Pure-electric powertrain suits Volvo’s smallest SUV


  • 408hp model has rapid acceleration
  • Maximum official range of 270 miles
  • Same boot and cabin space as standard car


  • Expensive
  • Limited info on digital gauge panel
  • Not that entertaining to drive
 The pure-electric Volvo XC40 Recharge bolsters the SUV’s already widely electrified model range. On top of the EV, you have a choice of mild-hybrid petrol engines and a two plug-in hybrids – but we reckon the fully electric version is the pick of the line-up.

Volvo introduced the electric XC40 in 2019 and, because it was destined for launch when the car was still on the drawing board, it doesn’t make any comfort or practicality sacrifices by making the switch to battery power.

Volvo XC40 Recharge front driving
You have a choice of two electric powertrains. The entry-level front-wheel drive model has a 69kWh battery pack and a single electric motor with 231hp and 330Nm of torque. Volvo says it can sprint from 0–62mph in 7.4 seconds and that it’s capable of covering up to 264 miles on a charge.

There’s also a more expensive dual-motor, four-wheel drive option called the Recharge Twin. This model gets a larger 78kWh battery pack and an extra electric motor on the rear axle, bumping its power and torque figures up to 408hp and 660Nm respectively.

The extra grunt also slashes its 0–62mph time down to a hot hatchback-troubling 4.9 seconds, while the added battery capacity increases its maximum range to 270 miles. What’s more, both versions of the pure-electric XC40 offer support for 150kW DC rapid charging, allowing both to charge from 10–80% capacity in around half an hour.

The list of rivals for the Volvo XC40 Recharge has grown since it was launched. Now, buyers can choose from the likes of the Mercedes EQA, BMW iX3, Ford Mustang Mach-E and the latest Kia Niro EV. The question is: can the aging XC40 EV still compete in this class of newcomers?

What’s it like inside?

Well-made and easy to use. You get a 12.3-inch digital gauge cluster and a 9.0-inch portrait infotainment system. Both look great and work well – their graphics are sharp, and the central screen runs on Google software which loads quickly and has built-in support for Google Maps.

The climate controls are operated through the central screen, which we’re normally not huge fans of. However, Volvo has designed a permanent toolbar for the lower edge of the display which means you don’t need to dig through a load of submenus to adjust the air conditioning.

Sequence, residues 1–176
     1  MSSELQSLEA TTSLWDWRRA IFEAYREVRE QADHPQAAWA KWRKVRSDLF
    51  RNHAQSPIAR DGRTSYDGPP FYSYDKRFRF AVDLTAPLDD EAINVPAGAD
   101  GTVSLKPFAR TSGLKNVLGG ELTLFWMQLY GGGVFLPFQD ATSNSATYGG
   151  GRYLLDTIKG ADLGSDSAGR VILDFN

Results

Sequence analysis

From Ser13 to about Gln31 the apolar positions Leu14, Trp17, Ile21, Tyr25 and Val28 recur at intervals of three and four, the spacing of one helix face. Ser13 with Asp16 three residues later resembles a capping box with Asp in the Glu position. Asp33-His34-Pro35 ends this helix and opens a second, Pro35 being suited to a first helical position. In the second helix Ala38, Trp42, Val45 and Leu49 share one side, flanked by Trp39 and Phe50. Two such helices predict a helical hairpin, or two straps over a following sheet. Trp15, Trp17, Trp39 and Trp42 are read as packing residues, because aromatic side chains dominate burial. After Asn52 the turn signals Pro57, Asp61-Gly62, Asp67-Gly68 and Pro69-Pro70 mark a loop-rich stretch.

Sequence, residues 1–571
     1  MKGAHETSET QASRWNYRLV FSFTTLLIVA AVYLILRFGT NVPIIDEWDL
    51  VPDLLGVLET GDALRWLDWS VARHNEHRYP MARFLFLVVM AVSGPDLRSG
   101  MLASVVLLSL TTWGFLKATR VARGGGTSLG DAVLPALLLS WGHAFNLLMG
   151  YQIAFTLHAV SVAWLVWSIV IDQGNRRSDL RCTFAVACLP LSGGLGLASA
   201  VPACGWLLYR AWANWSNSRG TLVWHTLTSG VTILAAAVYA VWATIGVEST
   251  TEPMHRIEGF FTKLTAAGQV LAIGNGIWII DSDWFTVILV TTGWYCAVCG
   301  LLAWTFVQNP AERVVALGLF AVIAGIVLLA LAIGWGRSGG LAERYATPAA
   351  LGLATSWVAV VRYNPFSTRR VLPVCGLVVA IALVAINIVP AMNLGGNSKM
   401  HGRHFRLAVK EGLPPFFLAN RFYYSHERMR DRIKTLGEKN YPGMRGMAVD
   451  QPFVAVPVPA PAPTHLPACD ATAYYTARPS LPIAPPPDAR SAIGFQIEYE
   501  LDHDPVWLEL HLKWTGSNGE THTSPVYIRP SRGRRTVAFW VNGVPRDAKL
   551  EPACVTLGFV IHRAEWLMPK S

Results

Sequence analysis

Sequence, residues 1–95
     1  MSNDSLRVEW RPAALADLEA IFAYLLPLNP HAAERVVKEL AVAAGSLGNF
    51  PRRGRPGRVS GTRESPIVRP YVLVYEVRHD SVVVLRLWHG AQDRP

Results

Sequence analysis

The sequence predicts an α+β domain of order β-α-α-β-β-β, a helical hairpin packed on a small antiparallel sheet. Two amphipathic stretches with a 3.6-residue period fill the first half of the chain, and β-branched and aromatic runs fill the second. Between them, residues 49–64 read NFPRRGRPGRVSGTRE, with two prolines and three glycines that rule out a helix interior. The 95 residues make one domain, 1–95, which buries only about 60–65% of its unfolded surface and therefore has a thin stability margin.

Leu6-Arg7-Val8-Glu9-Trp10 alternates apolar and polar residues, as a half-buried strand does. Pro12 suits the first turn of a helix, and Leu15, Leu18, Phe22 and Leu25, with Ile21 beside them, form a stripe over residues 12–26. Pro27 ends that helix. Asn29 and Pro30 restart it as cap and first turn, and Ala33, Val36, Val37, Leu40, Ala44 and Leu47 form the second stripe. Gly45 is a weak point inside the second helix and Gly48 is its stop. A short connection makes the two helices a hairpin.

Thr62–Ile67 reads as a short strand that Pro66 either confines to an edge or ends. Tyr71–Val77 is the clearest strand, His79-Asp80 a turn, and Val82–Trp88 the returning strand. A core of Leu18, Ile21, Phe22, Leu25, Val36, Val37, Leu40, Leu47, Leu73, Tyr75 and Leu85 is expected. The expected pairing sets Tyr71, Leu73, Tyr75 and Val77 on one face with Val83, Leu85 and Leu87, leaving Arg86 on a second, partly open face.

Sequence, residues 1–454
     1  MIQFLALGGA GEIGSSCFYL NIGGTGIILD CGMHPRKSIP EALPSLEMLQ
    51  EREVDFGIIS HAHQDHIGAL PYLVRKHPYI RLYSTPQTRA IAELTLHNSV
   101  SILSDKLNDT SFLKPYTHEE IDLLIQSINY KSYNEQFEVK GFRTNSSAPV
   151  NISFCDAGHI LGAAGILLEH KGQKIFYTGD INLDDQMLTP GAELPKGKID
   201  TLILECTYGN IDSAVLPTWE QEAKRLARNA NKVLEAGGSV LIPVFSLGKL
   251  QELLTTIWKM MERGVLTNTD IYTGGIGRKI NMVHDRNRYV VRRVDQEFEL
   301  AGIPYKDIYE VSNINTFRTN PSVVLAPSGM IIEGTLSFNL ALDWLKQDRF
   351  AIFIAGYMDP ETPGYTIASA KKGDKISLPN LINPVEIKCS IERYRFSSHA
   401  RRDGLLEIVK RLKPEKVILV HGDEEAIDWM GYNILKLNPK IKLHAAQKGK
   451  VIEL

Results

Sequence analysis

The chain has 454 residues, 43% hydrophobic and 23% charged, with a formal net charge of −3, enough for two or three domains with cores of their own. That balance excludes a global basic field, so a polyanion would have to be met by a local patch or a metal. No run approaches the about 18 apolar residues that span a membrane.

Volvo XC40 Recharge dashboard
Volvo has also fitted the XC40 with voice control and pushed as many functions as possible through the system to minimise the amount of time you spend with your eyes off the road. You can program sat-nav instructions, change the cabin temperature and ask it to read your messages for you. It works well for the most part – but you can trip the system up if you have a regional accent.

Space inside is identical to the petrol-powered versions of the car. The batteries don’t eat into the boot or the cabin and the rear electric motor on the flagship Recharge Twin model occupies the same space as the petrol tank on the petrol-powered models. That means boot space is identical, at 452 litres with the rear seats in place and 1,328 litres with the bench folded flat.


Because there’s no engine up front, you also get some extra storage space under the bonnet. It only measures 31 litres, but that’s just enough space to hide the storage cables. It’s particularly useful if you’re taking the electric XC40 on a long family trip, as it means you don’t have to unpack the boot to fish the cable out from the hidden storage space under the boot board.

The build quality is impressive, too. It’s a match for any of its German rivals, with tight shut lines and soft-touch materials everywhere within your wingspan. Refinement is good, too – there isn’t much wind noise, and the sound deadening is thick enough to keep tyre roar to a minimum. That’s especially important given there’s no engine noise to drown out the road noise.

Volvo XC40 Recharge front boot
If you want to know more about the Volvo XC40’s interior space, quality, comfort and infotainment technology, follow this link to read our main review of the car.


The XC40’s seats are great. The front seats have loads of adjustment and clever fatigue-mitigating extras like an extendable thigh support and a thick inflatable lumbar support cushion. Both hold you in place well and stop you from slouching. The seats are well-sprung too, striking a keen balance between bracing and plushness, meaning you won’t feel tired after a long stint behind the wheel.

The rear seats are equally welcoming. They’re a good shape with plenty of padding for your lower back, which should prevent those in the rear from curling up into the shrimp position halfway through a road trip. There’s also a lot of legroom and a surprising amount of headroom – even with the panoramic sunroof fitted to the range-topping Ultimate model.

Volvo XC40 Recharge rear seats
There are lots of storage bins dotted around the cabin, too, which help to keep it looking tidy even when they’re holding all the items required for family life. There’s a deep storage bin under the front central armrest, a wide wireless smartphone charging pad in the centre console and door bins that are large enough to swallow laptops, tablets and litre-sized water bottles.


Safety has always been Volvo’s strongest suit – and the XC40 is no exception. Euro NCAP awarded the petrol-powered version of the car a five-star rating back in 2018, and this score was also applied to the electric model in 2021. It’s worth bearing in mind that Euro NCAP has since tightened up its scoring system, but the XC40 remains a very safe way of transporting your family around.